I'm generally not one for publicly offering my opinion on social and political issues, but I'm breaking away from my norm for one issue that is looming heavily on me.

It's been in the news for quite a while, and it appears that it's just a matter of time now before we see the introduction of mandatory 20% deposits to qualify for a mortgage. As a hopeful first-time-buyer myself, it is an issue near and dear to me at the moment. The thought of going from having a good prospect of buying a home in my own country, to basically having zero chance at all, for the next 5-10 years, is completely heart wrenching.

For most young people, myself included (mid 30's), it is an extremely difficult task to save for a down payment for a home. Most of us get there one way or another, but to all of a sudden have the amount you need doubled is completely demoralizing. As a one-income family, and as parents to 3 children, there is just no way that we can save double our current amount in any reasonable time frame. Even for a modest home of approx 250,000 Euro, that's an additional savings requirement of 25,000 Euro! Even for people without children, it's a huge hill to climb.

One of my motivations for moving back to Ireland was the opportunity to buy a home, and if I had known in advance that this was a possible requirement of being able to do that, I would have had to seriously reconsider my move. I'm not saying that it would've kept me from moving back to Ireland, but it would certainly have been at the very top of my negative list. At a minimum, it would've delayed my move significantly.

Not Enough!
Not Enough!

This restriction may have the desired affect of pushing down house prices, and reducing the chance of a new property bubble, but at what cost. Will we lose more young people to emigration, and let other countries countinue to glow and wallow in their talents? Will the desired affect of reducing purchase prices really be enough? It certainly won't reduce them enough for me to buy a home any time soon. And if this new restriction is never put in place, how badly off would the banks be anyway. They charge a higher interest rate to those borrowing a greater loan-to-value percentage, and for the very few that default on their loans, is that 10% going to make such a huge difference to their bottom line? Will it be enough of a difference to justify the fact that thousands of people will now face many more years of renting, trying to scrounge together tens of thousands, for a basic family home?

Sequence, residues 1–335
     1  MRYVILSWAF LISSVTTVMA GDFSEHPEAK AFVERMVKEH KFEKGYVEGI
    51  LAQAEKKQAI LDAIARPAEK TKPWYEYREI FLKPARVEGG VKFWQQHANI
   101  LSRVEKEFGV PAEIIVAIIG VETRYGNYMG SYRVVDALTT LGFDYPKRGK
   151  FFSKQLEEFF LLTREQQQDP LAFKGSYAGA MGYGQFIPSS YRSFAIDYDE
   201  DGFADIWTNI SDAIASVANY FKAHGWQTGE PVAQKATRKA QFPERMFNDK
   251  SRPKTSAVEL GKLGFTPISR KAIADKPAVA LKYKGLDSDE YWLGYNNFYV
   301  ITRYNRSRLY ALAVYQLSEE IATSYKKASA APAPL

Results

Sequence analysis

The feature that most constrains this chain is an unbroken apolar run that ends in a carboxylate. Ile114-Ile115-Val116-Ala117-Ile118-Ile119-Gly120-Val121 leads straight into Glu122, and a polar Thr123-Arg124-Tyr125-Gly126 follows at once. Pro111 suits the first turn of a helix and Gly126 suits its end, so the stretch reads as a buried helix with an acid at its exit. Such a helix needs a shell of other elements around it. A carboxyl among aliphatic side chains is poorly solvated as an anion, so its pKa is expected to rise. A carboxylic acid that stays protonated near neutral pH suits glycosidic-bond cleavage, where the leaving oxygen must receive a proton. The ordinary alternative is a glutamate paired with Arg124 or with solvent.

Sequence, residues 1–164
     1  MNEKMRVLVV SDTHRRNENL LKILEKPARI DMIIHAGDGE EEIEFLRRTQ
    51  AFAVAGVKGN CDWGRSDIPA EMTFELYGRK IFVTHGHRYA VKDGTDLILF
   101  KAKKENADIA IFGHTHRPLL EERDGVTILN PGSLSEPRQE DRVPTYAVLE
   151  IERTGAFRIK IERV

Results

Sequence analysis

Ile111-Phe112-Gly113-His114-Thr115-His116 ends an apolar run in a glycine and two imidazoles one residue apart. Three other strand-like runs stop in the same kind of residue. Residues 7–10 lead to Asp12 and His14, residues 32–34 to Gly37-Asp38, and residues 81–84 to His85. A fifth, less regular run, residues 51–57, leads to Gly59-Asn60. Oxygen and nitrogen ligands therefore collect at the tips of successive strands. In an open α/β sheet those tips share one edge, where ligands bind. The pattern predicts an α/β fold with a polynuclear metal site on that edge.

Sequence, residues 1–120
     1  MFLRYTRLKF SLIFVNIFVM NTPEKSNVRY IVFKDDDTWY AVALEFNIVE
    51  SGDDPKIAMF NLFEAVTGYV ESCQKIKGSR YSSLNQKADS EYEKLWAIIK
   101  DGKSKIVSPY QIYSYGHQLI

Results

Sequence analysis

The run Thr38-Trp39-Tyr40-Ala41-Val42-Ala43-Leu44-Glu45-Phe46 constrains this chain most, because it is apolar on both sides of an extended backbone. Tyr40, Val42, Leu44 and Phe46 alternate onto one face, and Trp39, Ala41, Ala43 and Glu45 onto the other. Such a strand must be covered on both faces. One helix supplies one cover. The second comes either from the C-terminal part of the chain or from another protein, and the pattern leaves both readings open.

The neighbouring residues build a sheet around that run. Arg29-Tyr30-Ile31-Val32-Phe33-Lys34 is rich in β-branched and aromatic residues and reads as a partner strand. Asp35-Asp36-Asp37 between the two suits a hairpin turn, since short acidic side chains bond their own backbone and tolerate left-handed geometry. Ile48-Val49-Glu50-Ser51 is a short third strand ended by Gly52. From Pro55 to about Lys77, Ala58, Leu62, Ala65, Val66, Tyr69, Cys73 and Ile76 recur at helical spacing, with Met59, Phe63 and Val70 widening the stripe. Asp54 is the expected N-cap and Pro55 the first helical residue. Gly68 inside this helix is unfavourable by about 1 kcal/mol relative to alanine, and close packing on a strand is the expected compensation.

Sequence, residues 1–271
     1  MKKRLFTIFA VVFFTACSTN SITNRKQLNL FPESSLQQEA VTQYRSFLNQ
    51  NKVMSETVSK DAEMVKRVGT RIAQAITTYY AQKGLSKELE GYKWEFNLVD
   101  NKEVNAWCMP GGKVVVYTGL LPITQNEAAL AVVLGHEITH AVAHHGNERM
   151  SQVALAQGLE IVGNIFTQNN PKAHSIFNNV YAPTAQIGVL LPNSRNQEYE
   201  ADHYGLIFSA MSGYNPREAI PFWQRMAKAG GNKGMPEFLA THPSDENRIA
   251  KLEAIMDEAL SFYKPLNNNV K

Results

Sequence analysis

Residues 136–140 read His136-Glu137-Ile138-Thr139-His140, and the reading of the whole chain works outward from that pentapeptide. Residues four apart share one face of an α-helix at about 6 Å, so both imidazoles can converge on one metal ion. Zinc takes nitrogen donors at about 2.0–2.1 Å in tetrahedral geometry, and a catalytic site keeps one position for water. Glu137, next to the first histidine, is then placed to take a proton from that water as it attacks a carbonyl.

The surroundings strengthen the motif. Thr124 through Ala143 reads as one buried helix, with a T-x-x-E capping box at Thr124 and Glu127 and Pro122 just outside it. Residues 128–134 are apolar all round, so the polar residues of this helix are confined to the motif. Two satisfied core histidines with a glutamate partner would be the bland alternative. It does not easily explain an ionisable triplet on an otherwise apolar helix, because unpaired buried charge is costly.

Maybe I'm a little naive, and I know I'm a little (ok, very) aggravated, but there has to be a better solution, rather than to penalize those of us who will be set back such a great deal.

As much as I try to always find a way to look on the positive side of life in Ireland, and I do my best to show others that Ireland is a great place to live, and to move to, this is one issue where I would offer my concern, and recommend that you be well prepared for what it will personally mean for you.

Here's a link to the latest (Jan 20 2015) Independent.ie news article on this topic.
http://www.independent.ie/business/irish/central-bank-move-mortgage-deposit-misery-on-cards-for-new-homebuyers-30921041.html

Also relevant from the Irish Times "Siptu General President, Jack O’Connor said, if implemented as currently envisaged, “would put home ownership beyond the reach of thousands of individuals and couples."

UPDATE Jan 28 2015
The new mortgage lending restrictions have been announced, and I must say that as a future first time buyer, I'm quite relieved. I was expecting the restrictions to be more punitive than they are. For first time buyers of property in Ireland, here is what you face:

For home purchases less than €220,000, a ten percent (10%) down payment is required.
For home purchases exceeding €220,000, a ten percent (10%) down payment is required for the first €220,000, and 20% for anything greater than that.

Example: A first time buyer, purchasing a home for €250,000 will need a down payment of €28,000.

Other restrictions have also been introduced for how much can be lent. The Irish times explains those for you here.

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